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Dolores considers affordable housing options

Affordable housing in small towns like Dolores is difficult to find. (Journal file)
Town Board hears Telluride Foundation’s method of lowering costs through factory-built homes and deed restrictions

As housing prices climb, access to affordable homes for average salaried workers becomes more of a problem in small communities in Southwest Colorado.

The issue is a challenge for Dolores and needs to be addressed, said Town Manager Ken Charles. The town has budgeted $10,000 to study the matter, and is seeking a grant to match the amount.

Last month, the Town Board heard a tutorial from the Telluride Foundation about its model to create affordable housing in smaller towns.

“We are focused on housing in small rural communities, not resort housing or thousands of units in Denver,” said Telluride Foundation President Paul Major.

He explained how the organization’s housing projects in Nucla, Norwood, Ridgway and Ouray, which target average-income career workers, have worked.

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“Teachers, sheriff deputies, town planners – people at the core of the community making good salaries – are faced with a housing market that is 2 to 3 times their salary level,” Major said.

Using the standard of housing costs not exceeding 30% of household income, Major explained how local towns are faring.

For example, an affordable home for a teacher in Dolores, who makes an average salary of $39,566 a year, would be about $217,000. But the median home sales price in Dolores in 2021 was $385,000.

In Norwood, the average teacher salary is $47,115 allowing for a maximum home purchase price of $245,000, but the average local home price is $487,000.

In Ridgway, the average teacher salary is $47,017, which allows for purchase of a home up to $245,000, but the average local home price is $750,000.

And in Ouray, the average teacher salary is $49,211, which allows for a maximum home purchase of $256,000, but the average local home price is $550,000

Major said the key components for affordable housing projects that fit smaller towns are: donated land suitable for construction, factory-built homes to reduce construction costs, low-cost loan programs, and deed restrictions that include preventing resale at market value.

The foundation has modest, single-family homes built in a factory, which are delivered to the towns and set on foundations.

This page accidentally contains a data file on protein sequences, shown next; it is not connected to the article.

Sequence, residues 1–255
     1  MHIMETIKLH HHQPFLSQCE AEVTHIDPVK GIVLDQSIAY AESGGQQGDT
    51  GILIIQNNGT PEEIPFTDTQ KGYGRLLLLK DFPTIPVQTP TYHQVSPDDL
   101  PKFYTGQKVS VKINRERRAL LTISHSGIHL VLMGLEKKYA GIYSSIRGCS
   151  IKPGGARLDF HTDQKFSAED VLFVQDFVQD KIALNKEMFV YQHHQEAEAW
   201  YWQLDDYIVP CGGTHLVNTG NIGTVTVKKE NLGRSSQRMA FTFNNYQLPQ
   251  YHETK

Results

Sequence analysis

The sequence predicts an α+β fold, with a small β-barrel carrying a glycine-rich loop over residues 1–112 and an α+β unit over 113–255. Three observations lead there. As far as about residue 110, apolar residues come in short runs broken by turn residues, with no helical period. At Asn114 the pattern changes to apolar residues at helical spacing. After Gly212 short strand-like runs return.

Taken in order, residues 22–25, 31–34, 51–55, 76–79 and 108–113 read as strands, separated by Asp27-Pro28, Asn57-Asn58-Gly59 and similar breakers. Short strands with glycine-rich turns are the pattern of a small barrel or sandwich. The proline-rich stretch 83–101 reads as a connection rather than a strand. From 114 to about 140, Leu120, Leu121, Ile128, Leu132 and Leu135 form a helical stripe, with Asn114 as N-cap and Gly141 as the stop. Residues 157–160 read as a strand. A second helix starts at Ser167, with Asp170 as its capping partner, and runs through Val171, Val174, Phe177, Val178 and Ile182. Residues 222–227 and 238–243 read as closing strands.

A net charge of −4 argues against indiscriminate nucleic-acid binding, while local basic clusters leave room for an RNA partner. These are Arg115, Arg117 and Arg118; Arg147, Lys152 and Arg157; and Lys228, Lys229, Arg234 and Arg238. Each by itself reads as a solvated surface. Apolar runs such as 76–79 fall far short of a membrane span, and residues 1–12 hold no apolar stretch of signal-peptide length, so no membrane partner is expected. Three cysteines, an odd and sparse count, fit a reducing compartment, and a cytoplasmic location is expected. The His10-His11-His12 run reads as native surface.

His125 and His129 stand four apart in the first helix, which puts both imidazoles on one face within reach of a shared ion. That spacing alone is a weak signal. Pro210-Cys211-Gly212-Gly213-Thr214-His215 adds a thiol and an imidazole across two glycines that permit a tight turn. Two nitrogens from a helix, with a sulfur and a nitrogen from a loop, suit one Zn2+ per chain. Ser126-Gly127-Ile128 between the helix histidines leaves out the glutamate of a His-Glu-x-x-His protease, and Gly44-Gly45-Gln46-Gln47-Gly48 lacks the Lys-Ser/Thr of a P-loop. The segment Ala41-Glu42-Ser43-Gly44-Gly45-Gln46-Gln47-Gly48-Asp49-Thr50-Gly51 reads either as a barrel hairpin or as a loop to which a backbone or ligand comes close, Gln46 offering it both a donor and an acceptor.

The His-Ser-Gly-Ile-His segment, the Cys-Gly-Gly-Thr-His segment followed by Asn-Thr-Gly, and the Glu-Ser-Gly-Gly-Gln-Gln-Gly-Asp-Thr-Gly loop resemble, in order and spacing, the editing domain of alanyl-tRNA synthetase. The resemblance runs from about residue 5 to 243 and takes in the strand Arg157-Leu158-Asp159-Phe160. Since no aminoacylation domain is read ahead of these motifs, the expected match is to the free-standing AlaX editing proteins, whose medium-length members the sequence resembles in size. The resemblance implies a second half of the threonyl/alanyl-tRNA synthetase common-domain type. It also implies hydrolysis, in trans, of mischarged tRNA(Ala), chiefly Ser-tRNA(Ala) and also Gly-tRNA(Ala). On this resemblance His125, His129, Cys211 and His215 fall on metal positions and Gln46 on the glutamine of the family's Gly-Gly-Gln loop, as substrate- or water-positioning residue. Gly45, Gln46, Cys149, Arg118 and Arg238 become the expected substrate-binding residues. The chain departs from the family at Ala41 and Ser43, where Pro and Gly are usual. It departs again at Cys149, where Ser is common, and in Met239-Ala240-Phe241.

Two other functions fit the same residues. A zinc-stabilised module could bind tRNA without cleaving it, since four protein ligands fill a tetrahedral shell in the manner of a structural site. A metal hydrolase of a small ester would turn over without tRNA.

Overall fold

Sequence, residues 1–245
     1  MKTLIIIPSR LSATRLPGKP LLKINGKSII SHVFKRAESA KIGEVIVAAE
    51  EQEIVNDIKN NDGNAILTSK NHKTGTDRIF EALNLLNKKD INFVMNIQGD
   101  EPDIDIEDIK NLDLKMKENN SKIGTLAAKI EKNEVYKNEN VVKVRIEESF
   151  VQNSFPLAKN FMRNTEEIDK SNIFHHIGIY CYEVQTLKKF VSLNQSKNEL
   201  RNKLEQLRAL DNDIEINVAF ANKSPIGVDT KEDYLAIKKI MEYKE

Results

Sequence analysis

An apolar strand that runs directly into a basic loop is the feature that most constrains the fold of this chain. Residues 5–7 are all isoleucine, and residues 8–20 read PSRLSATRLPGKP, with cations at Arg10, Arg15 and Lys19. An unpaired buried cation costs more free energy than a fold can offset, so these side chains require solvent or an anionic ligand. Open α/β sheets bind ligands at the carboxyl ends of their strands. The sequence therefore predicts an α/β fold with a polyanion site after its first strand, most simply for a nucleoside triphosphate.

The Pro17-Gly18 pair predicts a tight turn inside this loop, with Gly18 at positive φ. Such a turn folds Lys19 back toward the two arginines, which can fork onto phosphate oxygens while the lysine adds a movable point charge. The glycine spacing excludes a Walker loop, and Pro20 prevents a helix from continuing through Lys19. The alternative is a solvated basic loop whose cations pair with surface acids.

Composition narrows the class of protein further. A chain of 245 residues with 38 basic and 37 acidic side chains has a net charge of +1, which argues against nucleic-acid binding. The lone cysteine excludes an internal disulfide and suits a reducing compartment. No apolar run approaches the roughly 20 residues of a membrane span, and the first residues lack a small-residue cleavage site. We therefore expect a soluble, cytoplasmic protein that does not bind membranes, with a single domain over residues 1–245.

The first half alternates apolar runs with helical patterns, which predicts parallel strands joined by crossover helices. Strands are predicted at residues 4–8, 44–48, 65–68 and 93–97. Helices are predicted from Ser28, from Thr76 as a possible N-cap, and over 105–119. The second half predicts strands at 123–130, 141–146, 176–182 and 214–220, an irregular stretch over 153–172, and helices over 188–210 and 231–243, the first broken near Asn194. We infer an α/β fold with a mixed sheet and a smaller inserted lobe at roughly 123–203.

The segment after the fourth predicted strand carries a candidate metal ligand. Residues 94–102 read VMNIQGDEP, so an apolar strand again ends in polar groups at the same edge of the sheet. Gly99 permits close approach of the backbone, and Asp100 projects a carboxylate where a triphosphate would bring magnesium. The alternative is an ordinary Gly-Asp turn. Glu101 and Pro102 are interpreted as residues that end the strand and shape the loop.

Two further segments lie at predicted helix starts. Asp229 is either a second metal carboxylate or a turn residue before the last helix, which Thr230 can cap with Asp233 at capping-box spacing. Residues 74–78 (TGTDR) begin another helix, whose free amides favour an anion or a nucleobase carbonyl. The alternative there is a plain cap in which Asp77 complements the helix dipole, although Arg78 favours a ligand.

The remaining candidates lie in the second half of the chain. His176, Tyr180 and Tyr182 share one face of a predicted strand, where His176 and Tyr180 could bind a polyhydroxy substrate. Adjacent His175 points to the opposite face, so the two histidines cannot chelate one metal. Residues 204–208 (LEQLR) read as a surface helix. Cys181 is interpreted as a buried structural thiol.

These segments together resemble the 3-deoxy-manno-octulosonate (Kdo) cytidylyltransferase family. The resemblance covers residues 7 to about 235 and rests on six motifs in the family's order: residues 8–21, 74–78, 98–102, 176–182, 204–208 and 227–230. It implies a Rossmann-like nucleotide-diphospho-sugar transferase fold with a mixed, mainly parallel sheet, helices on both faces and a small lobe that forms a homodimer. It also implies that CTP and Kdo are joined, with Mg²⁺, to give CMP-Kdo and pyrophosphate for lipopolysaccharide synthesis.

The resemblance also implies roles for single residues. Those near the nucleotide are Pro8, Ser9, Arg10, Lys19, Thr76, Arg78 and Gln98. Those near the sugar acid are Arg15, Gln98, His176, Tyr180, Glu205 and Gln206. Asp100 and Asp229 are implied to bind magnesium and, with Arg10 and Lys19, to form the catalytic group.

The two-story, lumber-framed homes are 1,200 to 1,500 square feet, with three bedrooms, three baths and a garage. One such manufactured home factory is Fading West in Buena Vista.

Homes built in a factory are critical for keeping the price down, Major said.

“Right now the problem is when you build on site, it is the most inefficient way to build a home,” he said. “You have to bring all the product to the site, get subcontractors to the site, and deal with the weather. The old way of get a lot and build is too expensive.”

Factory manufactured homes keep labor and material costs down and build modern homes faster, he said, cranking out multiple homes per week.

“The factory approach, we can get a house all-in that is priced for a teacher, a nurse or a town planner. Always have your eye on the ball of selling homes to the core of the community that have good salaries, but there is nothing in the market for them.”

Land donation also is a key component of affordable housing. For the Telluride Foundation project in Nucla, the plan is for the school district to donate land. In Norwood, San Miguel County would donate land, and an individual has offered land in Ridgway.

Deed restrictions keep the homes from being sold and priced out of the affordability market.

The Telluride Foundation project has deed restrictions that cap resale at 3% over the purchase price. Other deed restrictions are that homeowner must live in the home and work in the community.

“You can’t buy the home and rent it out, or not work and collect a trust fund check,” he said.

Each town has to work out who would be eligible for affordable homes, Major said.

The Telluride Foundation uses a lottery system that prioritizes jobs that are hard to fill in a community such as teachers, nurses, emergency responders and government workers.

Home prices are based on salaries. Qualified buyers would purchase the home from the Telluride Foundation through a traditional mortgage, and could tap into down-payment assistant programs.

The Telluride Foundation partners with private foundations concerned about affordable housing and the Department of Local Affairs to raise funding for its housing projects.

“We have learned a lot along the way,” Major said. “Housing is a limiting factor because the market for building is for a much higher price point than most people in our communities can afford. How many jobs go unfilled because there is no affordable housing?”

Dolores has a small budget to fund an affordable housing study, said Town Manager Ken Charles. The town owns several properties that have the potential for affordable housing projects.